# Forming a Magic Square

# Forming a Magic Square

lysdexia + 0 comments I am not sure that this particular challenge should be listed under "easy" as written. All the other challenges up to this point have been straightforward "in the head" problems. This one requires quite a bit more set-up.

The "easy" portion of this task is to evaluate cost as defined is simply comparing lists of lists (in python, anyway). Generating the matrix of possible magic squares is far more time-consuming than anything up to this point, and might best have been it's own "Generate 3x3 Magic Squares" challenge, with "Magic Square Forming" following directly after.

Were I to see this particular excercise in a "team-coding" evaluation for a job interview, my first suggestion to my partner would be to google for the list of possible 3x3 magic squares and just use that as a look up table, since the boundaries are well understood and fast and lazy will always win!

class Magic(object): pre = [ [[8, 1, 6], [3, 5, 7], [4, 9, 2]], [[6, 1, 8], [7, 5, 3], [2, 9, 4]], [[4, 9, 2], [3, 5, 7], [8, 1, 6]], [[2, 9, 4], [7, 5, 3], [6, 1, 8]], [[8, 3, 4], [1, 5, 9], [6, 7, 2]], [[4, 3, 8], [9, 5, 1], [2, 7, 6]], [[6, 7, 2], [1, 5, 9], [8, 3, 4]], [[2, 7, 6], [9, 5, 1], [4, 3, 8]], ] def evaluate(self, s): totals = [] for p in self.pre: total = 0 for p_row, s_row in zip(p, s): for i, j in zip(p_row, s_row): if not i == j: total += max([i, j]) - min([i, j]) totals.append(total) return min(totals)

Kevinagin + 0 comments All of the posted solutions require pre-computing all eight magic squares. I wanted to offer a few suggestions on how to generate them -- or at least show what I did.

We can start with two observations: a) the "middle" of any 3x3 magic square must be 5, and b) the "magic sum" must be 15.

Here's a way to think about the "magic sum". The sum of numbers 1-9 is 45. The three horizontal rows will include all 9 numbers (and thus sum to 45). And since there are three rows, each row will sum to 45/3 = 15.

It takes a bit of pen and paper to see that the middle must be 5 (or at least, it took me some trial and error). But once we know these two things, we can think in terms of the 4 "pairs" that can go on opposite sides of the 5:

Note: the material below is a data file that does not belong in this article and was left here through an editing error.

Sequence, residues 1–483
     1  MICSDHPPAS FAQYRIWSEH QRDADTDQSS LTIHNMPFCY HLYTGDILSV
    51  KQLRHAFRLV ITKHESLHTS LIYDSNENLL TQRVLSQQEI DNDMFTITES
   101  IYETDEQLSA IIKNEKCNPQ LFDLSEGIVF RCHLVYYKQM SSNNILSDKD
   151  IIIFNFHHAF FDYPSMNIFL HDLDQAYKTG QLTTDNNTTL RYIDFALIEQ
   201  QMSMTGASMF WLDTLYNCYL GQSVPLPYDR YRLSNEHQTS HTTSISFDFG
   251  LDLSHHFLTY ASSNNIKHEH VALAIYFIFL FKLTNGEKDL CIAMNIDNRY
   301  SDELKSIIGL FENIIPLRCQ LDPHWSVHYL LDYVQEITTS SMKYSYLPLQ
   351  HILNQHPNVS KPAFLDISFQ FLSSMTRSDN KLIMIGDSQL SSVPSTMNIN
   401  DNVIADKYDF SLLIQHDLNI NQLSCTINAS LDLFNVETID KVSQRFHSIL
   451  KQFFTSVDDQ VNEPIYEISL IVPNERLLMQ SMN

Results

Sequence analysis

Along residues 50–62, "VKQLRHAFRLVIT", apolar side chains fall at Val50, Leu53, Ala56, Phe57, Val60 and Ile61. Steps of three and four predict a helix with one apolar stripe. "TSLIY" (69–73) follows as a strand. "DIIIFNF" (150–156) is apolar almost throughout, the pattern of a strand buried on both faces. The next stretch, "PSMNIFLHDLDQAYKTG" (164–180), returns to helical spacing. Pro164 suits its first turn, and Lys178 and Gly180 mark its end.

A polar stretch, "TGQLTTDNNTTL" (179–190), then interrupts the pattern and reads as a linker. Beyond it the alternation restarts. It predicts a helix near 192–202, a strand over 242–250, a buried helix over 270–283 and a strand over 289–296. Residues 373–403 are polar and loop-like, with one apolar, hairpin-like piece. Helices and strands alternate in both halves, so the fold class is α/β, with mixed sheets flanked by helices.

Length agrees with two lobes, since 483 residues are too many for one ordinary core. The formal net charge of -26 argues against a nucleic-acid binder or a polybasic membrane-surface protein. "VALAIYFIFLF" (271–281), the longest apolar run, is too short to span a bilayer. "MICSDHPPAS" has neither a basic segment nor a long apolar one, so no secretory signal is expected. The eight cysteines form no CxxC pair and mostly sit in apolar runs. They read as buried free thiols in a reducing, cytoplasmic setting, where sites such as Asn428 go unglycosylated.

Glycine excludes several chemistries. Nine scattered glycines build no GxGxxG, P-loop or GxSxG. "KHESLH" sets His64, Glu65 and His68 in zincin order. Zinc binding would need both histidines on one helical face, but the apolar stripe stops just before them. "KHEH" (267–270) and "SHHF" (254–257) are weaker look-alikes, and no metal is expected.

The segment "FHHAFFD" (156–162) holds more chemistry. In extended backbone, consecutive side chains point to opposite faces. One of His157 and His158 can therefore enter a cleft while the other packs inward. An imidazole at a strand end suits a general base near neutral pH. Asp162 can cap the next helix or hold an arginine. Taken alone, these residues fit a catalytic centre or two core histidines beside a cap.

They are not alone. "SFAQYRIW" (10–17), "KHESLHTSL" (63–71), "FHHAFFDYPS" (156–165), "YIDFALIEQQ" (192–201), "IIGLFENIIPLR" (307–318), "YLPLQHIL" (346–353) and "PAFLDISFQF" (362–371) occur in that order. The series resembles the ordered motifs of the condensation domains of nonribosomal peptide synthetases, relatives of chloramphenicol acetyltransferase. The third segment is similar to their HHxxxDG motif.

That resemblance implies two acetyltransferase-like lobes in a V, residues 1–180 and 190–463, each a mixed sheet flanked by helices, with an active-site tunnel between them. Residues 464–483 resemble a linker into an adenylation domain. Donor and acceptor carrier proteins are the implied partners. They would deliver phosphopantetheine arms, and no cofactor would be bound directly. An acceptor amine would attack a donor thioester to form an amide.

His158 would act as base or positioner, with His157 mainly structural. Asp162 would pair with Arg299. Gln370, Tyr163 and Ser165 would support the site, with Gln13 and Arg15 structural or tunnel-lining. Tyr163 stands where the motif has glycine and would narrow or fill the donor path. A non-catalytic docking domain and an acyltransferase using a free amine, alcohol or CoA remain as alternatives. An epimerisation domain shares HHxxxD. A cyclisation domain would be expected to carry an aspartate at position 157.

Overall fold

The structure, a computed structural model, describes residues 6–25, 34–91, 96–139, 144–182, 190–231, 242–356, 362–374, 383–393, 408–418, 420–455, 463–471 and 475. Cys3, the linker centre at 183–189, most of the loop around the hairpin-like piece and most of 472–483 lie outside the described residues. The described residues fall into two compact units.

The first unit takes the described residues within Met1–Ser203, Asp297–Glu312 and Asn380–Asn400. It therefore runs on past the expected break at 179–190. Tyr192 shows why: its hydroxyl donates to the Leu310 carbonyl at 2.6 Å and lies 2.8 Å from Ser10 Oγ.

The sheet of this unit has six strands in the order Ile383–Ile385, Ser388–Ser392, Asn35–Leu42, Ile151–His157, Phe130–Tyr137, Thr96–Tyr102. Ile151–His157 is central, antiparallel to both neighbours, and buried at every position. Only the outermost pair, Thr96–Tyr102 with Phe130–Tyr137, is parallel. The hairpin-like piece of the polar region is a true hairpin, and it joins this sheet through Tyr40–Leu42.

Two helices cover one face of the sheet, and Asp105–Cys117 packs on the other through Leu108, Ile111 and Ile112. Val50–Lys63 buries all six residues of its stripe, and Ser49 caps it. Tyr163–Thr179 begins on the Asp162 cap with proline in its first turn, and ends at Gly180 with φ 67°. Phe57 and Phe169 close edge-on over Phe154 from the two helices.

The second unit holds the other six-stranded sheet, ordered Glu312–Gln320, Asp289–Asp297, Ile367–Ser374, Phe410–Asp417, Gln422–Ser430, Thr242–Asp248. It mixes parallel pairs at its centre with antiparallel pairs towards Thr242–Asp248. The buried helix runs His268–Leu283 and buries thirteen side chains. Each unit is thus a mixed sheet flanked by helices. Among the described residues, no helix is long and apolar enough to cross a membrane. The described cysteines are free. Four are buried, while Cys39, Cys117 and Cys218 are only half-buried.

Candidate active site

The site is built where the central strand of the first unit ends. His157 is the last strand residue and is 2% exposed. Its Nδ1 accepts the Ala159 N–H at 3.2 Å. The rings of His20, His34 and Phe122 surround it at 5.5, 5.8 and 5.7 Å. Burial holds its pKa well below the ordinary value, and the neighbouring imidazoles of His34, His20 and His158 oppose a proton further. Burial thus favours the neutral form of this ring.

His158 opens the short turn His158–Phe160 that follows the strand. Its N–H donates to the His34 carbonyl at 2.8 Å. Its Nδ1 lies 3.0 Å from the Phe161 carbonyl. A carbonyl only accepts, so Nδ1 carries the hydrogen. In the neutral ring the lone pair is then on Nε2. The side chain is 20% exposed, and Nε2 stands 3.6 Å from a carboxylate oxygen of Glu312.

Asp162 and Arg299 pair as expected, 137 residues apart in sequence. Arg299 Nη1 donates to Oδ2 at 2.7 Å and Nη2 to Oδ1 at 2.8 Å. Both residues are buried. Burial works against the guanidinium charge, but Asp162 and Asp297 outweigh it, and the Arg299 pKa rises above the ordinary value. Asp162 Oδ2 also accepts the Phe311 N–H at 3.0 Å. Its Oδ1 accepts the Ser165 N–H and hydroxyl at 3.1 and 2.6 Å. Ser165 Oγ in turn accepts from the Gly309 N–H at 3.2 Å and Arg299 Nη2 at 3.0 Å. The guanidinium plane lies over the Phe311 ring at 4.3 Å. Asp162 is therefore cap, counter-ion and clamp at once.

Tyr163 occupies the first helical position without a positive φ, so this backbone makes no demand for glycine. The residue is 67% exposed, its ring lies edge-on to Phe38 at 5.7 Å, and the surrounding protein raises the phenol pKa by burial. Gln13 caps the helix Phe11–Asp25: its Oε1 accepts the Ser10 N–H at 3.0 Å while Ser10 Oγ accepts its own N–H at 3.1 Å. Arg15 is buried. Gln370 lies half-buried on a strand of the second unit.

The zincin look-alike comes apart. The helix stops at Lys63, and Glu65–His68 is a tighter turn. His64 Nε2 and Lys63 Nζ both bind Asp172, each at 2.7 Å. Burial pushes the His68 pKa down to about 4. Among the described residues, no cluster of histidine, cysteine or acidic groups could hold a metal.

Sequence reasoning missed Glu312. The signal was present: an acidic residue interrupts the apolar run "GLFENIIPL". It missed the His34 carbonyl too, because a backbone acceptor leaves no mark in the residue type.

`1 and 9 2 and 8 3 and 7 4 and 6`

So for example, if 4 goes Top/Left, we know that 6 must go Bottom/Right (since the "magic sum" must be 15, and 5 is in the middle)

A bit more on pen/paper will show that only two of these pairs fit in the "corners":

`2 and 8 4 and 6`

The other two pairs must be "wedged" inside the corner paris (e.g., top middle, bottom middle). And once we set our four corners, there is only 1 way to place the rest of the numbers.

This is enough to show that there are 8 magic matrices. There are 4 possible ways to place the 4 and 6 pair (the 4 could go in Top/Left, Top/Right, Bottom/Right, Bottom/Left). Then once we place the 4 and 6, there are two different ways we could place the 2 and 8.

To acutally

*generate*these matrices, I started with one "seed" (which happend to be the first magic matrix I found):`[4 3 8] [9 5 1] [2 7 6]`

From ths seed, we can rotate it clockwise 4 times (so the 4 appears in each corner). And then from each rotation, we can place the remaining digits either clockwise, or counterclockwise around the 5 (going counterclockwise is equivalent to getting the "mirror" of the matrix along a diagonal).

These two matrix manipulations are also great helper functions to have handy on other problems.

manocormen + 0 comments I approached this problem by first identifying all the different 3x3 magic squares.